And that’s what makes countering that resistance to assistance so important.  Many times family caregivers make assumptions but never ask:  Mom, I’ve noticed that every time I bring up having someone come in to assist, you don’t want help.  Why is that?  Sometimes the parent doesn’t realize they’re being resistant.

Also, reassuring a senior loved one that you have the same goal in mind will help.  Start with:  My goal for you is to be independent, too.  You know I can’t be here all the time.  A little extra assistance will help you stay at home.

Following are strategies from Home Instead Senior Care and Dr. D’Aprix to help family caregivers turn resistance into assistance.

  1. Understand where the resistance is coming from.  Ask a senior parent or loved one why he or she is resisting.
  2. Explain your goals. Remind an older adult that you both want the same thing.  Explain that a little extra help can keep her at home longer and will help put your mind at ease as well.  Have a candid conversation with him about the impact this care is having on your life.  Oftentimes seniors don’t understand the time commitment of a caregiver.
  3. Bring in outside help.  If a relationship with a senior is deteriorating, ask a professional, such as a geriatric care manager, for an assessment.  A third-party professional can provide valuable input.

Also, go to www.4070talk.com for tips on how to talk with a loved one.  If you are having problems getting through to your older adult, consider asking another family member or close friend to intervene.  If you’re not making headway, perhaps there’s someone better to talk to that older adult.

  1. Research options to find the best resources for a senior in the community.  The local Area Agency on Aging or geriatric care managers are great community resources.   Or go towww.premierseniorhomecare.com and click on the resources tab for The Home Care Solution, a guide for family caregivers to help them find the best in-home care for their loved ones.  If you decide outside help is needed, reassure your parents and tell them you have researched caregivers and you are confident you have found the best one you can find to come into the home to help.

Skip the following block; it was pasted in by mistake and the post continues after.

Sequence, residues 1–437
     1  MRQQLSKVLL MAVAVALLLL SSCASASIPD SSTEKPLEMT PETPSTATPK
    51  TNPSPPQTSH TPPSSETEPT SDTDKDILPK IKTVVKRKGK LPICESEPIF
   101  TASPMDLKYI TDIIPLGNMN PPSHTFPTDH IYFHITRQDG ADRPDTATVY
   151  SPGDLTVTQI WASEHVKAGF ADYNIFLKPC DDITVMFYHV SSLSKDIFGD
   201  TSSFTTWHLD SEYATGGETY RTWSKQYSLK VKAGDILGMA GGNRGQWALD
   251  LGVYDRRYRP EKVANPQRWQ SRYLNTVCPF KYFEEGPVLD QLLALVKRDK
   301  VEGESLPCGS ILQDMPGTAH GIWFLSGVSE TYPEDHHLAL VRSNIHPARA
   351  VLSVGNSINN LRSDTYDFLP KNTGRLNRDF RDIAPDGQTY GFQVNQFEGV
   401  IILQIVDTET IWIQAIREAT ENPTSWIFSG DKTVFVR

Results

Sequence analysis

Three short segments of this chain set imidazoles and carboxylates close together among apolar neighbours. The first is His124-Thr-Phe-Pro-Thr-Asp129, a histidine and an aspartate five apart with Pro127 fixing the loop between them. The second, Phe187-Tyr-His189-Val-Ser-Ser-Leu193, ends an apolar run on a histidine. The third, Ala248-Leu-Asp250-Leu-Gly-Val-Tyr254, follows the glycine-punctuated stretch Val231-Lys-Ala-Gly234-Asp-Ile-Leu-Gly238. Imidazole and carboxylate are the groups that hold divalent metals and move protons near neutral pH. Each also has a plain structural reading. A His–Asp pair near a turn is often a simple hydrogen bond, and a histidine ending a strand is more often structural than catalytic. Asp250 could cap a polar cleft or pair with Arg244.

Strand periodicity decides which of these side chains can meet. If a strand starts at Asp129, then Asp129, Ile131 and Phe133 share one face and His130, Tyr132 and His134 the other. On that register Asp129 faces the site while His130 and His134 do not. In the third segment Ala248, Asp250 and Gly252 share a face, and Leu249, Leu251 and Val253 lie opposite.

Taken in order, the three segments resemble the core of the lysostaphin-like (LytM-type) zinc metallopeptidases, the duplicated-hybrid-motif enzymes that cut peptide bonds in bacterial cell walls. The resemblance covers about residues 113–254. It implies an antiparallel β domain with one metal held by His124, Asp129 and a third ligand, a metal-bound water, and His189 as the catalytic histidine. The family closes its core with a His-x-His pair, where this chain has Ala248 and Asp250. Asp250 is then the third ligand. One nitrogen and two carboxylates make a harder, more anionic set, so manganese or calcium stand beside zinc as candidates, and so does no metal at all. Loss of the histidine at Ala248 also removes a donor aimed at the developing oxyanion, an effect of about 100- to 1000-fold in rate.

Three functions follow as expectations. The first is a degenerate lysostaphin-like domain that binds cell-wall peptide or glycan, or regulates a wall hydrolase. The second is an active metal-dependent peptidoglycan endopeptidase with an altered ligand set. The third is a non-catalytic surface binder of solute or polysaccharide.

2. Respect a senior’s decisions. Sometimes you won’t agree with an older adult’s decisions and that’s O.K.  As long as that senior is of sound mind, he or she should have the final say.

Please remember that if a senior has dementia, a doctor or geriatric care manager should be consulted.  Logic often will not work and other strategies must be used.

Once again, unless a senior has dementia, he or she has a right to make the final decision about care, even if a family caregiver or professional doesn’t agree.  The flip side is that family caregivers have the right to suggest limits on behaviours that they think are risky.

Without additional resources and education, the desire to be a perfect family caregiver leads to burn-out.  Perspective can come from friends, support groups and professional and informal support networks.

The battle to turn resistance into assistance can be fierce, like seniors who call police when a professional caregiver shows up.  Education can help arm family caregivers with the tools they need to create a win-win for everyone.

If you are seeking additional help with a family member who is resisting caregiver services, please give us a call and we would love to offer some encouragement and advice for you during this difficult time.

February 22, 2011 in Senior Care